Toni-BraxtonToni Braxton, Grammy winner and star of the reality TV series “Braxton Family Values” (Photo credit: Erik S. Lesser / For The Times):

I always have Starbucks and Target gift cards on hand. I just bought some today! For either $50 or $100. Everyone goes to Starbucks, and everyone goes to Target, so it’s perfect. But I will admit that my stash of gifts does include some regifted items. Those are usually for my sisters. We regift among ourselves a lot. Like recently Lady Gaga gave my sister Tamar two pairs of really nice sunglasses. Well, she says her face is too fat for them, so she gave them to me. But we always reveal the real giver when we regift, so Tamar told me the sunglasses were from her and Gaga.

Carole-TownsendCarole Townsend, author of the humor book “Southern Fried White Trash,” on the worst thing in her gift closet (Townsend family) :

I did not have to hesitate. A boy I dated in college was raised by a great-aunt, and she could not stand me. … They were high-society New York, and maybe they thought I was a Southern bumpkin. … It was a set of salt-and-pepper shakers and a creamer. They were pigs – I was a little chunky in college, and I got the message. Of course, if you used the creamer, it came out of the mouth. And it grunted! … It was the most awful thing. She shopped long and hard for that. Now that I’m 50, I can laugh, but I never got over it. … It’s cheap ceramic.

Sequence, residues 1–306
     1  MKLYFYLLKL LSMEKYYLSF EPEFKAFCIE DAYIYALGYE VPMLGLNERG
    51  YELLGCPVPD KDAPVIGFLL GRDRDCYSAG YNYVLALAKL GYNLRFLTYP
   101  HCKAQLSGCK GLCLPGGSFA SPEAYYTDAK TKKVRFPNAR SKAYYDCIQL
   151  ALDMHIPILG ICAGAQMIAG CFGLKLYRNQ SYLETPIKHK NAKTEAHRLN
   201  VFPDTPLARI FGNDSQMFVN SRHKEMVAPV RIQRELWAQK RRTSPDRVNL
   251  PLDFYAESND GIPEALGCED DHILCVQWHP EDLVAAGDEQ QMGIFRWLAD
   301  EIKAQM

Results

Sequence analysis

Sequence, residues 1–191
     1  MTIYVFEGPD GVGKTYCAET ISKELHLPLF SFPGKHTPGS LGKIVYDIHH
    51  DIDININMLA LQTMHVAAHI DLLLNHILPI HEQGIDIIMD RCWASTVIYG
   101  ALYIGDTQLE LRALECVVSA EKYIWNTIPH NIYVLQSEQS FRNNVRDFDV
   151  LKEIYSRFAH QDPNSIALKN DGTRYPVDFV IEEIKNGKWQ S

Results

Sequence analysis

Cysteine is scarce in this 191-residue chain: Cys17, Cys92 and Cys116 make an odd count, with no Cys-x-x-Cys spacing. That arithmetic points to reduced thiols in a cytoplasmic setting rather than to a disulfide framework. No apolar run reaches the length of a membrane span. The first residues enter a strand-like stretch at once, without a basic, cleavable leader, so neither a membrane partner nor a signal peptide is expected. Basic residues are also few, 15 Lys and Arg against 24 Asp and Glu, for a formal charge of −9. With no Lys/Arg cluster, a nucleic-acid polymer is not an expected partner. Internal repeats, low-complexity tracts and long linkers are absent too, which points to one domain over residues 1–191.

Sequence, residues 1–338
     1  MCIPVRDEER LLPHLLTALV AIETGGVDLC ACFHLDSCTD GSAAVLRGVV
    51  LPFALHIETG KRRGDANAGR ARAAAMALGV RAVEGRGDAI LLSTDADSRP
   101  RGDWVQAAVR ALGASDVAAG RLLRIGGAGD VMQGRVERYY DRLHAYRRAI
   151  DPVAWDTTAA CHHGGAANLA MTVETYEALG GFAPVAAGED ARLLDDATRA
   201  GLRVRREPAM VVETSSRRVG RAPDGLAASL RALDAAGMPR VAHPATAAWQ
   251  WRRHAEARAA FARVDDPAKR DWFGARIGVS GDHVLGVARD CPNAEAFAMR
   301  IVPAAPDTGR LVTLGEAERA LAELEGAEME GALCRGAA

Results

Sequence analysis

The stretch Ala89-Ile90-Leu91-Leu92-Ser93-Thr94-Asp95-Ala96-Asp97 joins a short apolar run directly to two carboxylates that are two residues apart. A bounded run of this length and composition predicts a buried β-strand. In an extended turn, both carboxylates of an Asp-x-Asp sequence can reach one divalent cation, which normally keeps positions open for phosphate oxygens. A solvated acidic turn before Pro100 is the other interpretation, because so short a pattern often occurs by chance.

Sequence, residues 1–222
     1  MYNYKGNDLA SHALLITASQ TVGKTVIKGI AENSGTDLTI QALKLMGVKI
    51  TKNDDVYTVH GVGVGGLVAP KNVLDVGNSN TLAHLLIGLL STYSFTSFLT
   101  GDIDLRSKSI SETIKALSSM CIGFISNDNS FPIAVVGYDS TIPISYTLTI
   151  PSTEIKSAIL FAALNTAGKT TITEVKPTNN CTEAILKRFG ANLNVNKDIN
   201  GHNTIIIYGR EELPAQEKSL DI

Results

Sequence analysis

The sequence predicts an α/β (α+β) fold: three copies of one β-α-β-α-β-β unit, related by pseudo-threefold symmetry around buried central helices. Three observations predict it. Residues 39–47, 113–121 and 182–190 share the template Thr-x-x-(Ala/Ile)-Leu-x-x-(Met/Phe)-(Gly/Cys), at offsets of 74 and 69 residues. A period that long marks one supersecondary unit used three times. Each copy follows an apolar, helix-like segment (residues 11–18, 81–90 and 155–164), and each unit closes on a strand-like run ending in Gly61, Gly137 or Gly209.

GarcettisL.A. City Councilman Eric Garcetti and his wife, Amy Elaine Wakeland (City of Los Angeles):

Eric: It’s not really a closet. What would you call it?

Amy: We have gift baskets that we keep filled with small hostess and holidays gifts. They’re in the garage. We probably have about 10 to 20 gifts at any one time. I replenish it when it starts getting low, but I usually don’t buy more than two of any item. Right now, we have: Armenian brandy, Hollywood ornaments, cute little handmade ornaments, wine glass charms, salted caramels and a modernist birdhouse. For kids we have educational toys — like a talking clock, a wind-power renewable energy science kit and a mini-piano. And I almost always have potted succulents or orchids that we use as gifts.

Eric, on the worst thing: There was the home-growing gourmet mushroom kit. It just kind of got moldy when we tested it, so I don't know if any others will ever be gifted.

Amy: There are also bottles of wine in there that sometimes disappear before we have the chance to give them away.

Nate-BerkusNate Berkus, designer and host of “The Nate Berkus Show” (The Nate Berkus Show) :